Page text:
3  General Method: Functional Magnetic Resonance Imaging (fMRI)


The advent of neuroimaging methods, in particular functional Magnetic Resonance Imaging (fMRI) opened the possibility to non-invasively map cognitive functions in the healthy human brain. The principle of fMRI is to measure task-evoked physiological changes in blood flow and local metabolism that correlate with the related neural activity. The underlying physiological and statistical procedures will be shortly summarized in the following sections.

3.1 The blood-oxygenation level dependent (BOLD) signal

What kind of physiological signal is measured with fMRI? Neural activity leads to an increased metabolism – the consumption of glucose and oxygen, which is needed to restore concentration gradients in the neuron that are changed following neural activity. Metabolites are supplied by the vascular system with one essential aspect being the arterial blood supply of oxygenated hemoglobin. The increase in oxygenation usually exceeds the actual demand in the respective brain region. Early research on the MRI signal demonstrated that deoxygenated hemoglobin is paramagnetic while oxygenated hemoglobin is diamagnetic. The different ratio of oxygenated and deoxygenated blood after neural activity leads to temporal local field inhomogenities that are reflected in the T2* decay time which crucially depends on the field homogenity. It has been shown that these differences in magnetic properties after neural activity can be measured with MRI (Ogawa, Lee, Kay, & Tank, 1990). This effect was named the BOLD (blood-oxygenation-level-dependent) effect which was then applied to functional measurements with fMRI (Bandettini, Wong, Hiks, Tikofsky, & Hyde, 1992; Kwong et al., 1992; Ogawa et al., 1992). Thus, the BOLD contrast describes the difference in MRI signal on T2*-weighed images as a function of the amount of deoxygenated hemoglobin.


The BOLD response to neural activity consists of a short onset delay, a rise to a peak after a few seconds, a return to baseline, and a prolonged undershoot. Usually, this takes about 5-12 seconds, excluding the undershoot (Aguirre, Zarahn, & D’Esposito, 1998; Friston, Frith, Turner, & Frackowiak, 1995a; Miezin, Maccotta, Ollinger, Petersen, & Buckner, 2000). This is also called the hemodynamic response function (HRF). Amplitude and latency of the HRF depend on the strength of the evoking stimulus on the one hand but also on the region where it is measured. In addition, high inter-individual variability in the shape of the function has been measured (Aguirre et al., 1998; Handwerker, Ollinger, & D’Esposito, 2004).

Depending on the specific research question, different experimental designs can be used to increase the signal-to-noise ratio in the task-evoked BOLD-signal. In blocked designs, the different experimental conditions are presented block-wise with high task frequency within one block. That way a very strong signal that develops over the course of the block can be measured. In event-related designs, single trials are presented within the same blocks with longer inter-stimulus intervals (ISI). In event-related designs, the HRF can be determined for every task trial individually, giving the possibility to compare trials within one task block and to eliminate error trials. However, event-related designs have usually smaller detection power, e.g. the ability to detect an activation, than block designs. Study 1 and 2 of this dissertation used pure blocked experimental designs; Study 3 was measured in a mixed block and event-related design.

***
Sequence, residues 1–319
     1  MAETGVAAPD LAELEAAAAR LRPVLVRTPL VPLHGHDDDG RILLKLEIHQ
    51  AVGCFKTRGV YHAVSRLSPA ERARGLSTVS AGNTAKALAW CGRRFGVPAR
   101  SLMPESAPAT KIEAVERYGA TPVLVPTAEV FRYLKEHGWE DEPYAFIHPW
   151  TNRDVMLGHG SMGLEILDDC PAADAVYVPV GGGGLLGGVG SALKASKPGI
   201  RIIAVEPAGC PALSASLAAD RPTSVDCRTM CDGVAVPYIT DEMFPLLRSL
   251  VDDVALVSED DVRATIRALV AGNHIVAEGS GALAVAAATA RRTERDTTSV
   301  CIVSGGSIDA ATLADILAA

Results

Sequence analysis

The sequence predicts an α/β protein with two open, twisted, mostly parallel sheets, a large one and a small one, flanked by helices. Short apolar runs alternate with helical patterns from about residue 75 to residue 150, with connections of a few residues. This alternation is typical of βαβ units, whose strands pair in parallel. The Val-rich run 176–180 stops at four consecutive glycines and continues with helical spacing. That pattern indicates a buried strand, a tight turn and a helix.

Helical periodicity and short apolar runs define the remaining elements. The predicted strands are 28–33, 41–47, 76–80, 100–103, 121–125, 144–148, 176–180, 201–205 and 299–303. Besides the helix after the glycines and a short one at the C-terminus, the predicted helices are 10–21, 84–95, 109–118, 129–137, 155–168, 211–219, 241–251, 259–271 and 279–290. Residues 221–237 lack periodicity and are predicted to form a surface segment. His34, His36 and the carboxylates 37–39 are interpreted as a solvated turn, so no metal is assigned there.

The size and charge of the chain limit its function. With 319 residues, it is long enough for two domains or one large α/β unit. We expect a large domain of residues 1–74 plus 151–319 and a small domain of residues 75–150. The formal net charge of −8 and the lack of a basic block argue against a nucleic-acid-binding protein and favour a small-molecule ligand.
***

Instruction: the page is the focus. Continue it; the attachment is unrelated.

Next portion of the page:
3.2  Statistical analysis

3.2.1 Data processing

As outlined above, the functional task-related measurements consist of T2* images that are acquired on a slice-by-slice basis in high temporal frequency (1.5- 2.2 seconds per brain volume in the present studies) in small 3-dimensional units (voxels) in the brain.


Before the actual statistical analysis of the task-related BOLD-signal changes in certain brain regions, a couple of preprocessing steps are performed on these time series data depending on the applied experimental design. Using the software SPM2 (http://www.fil.ion.ucl.ac.uk/spm/), in the present studies images were slice-time corrected to account for differences in acquisition time between slices (Study 3 only) and motion corrected (all studies) and unwarped (Study 3 only) to account for movement of the participants in the scanner. The images were then spatially normalized into the standard MNI atlas space using the high-resolution T1-weighted anatomical images of every participant and applying the normalization parameters to the functional images after having coregistered those to the anatomical images. Then, the functional data were smoothed with an 8-mm FWHM Gaussian kernel to suppress residual differences in functional and gyral anatomy during inter-subject averaging. In addition, a high-pass filter was applied during analysis to eliminate residual low-frequency noise. The data were statistically analysed using the general linear model (GLM) for serially auto-correlated data (Friston et al., 1995b). In the GLM the given experimental design is correlated with the brain activity in every voxel in the brain. For that purpose the predictors (regressors) are convolved with a given HRF. The obtained parameter estimates (beta values) per voxel describe the degree to which this voxel correlates with the given experimental design. That way, voxels are identified that show increased BOLD-signal changes under certain task contexts. These signal increases are then tested for statistical significance in a second-level analysis across all participants, either in comparison to a baseline condition or to another task condition. Usually two task conditions are compared to eliminate specific cognitive processes (Braver et al., 1997). The resulting statistical maps can then be overlaid onto normalised anatomical images to locate the significant activities in the brain. That way, regions are identified on a whole-brain basis that are related to the manipulated cognitive processes.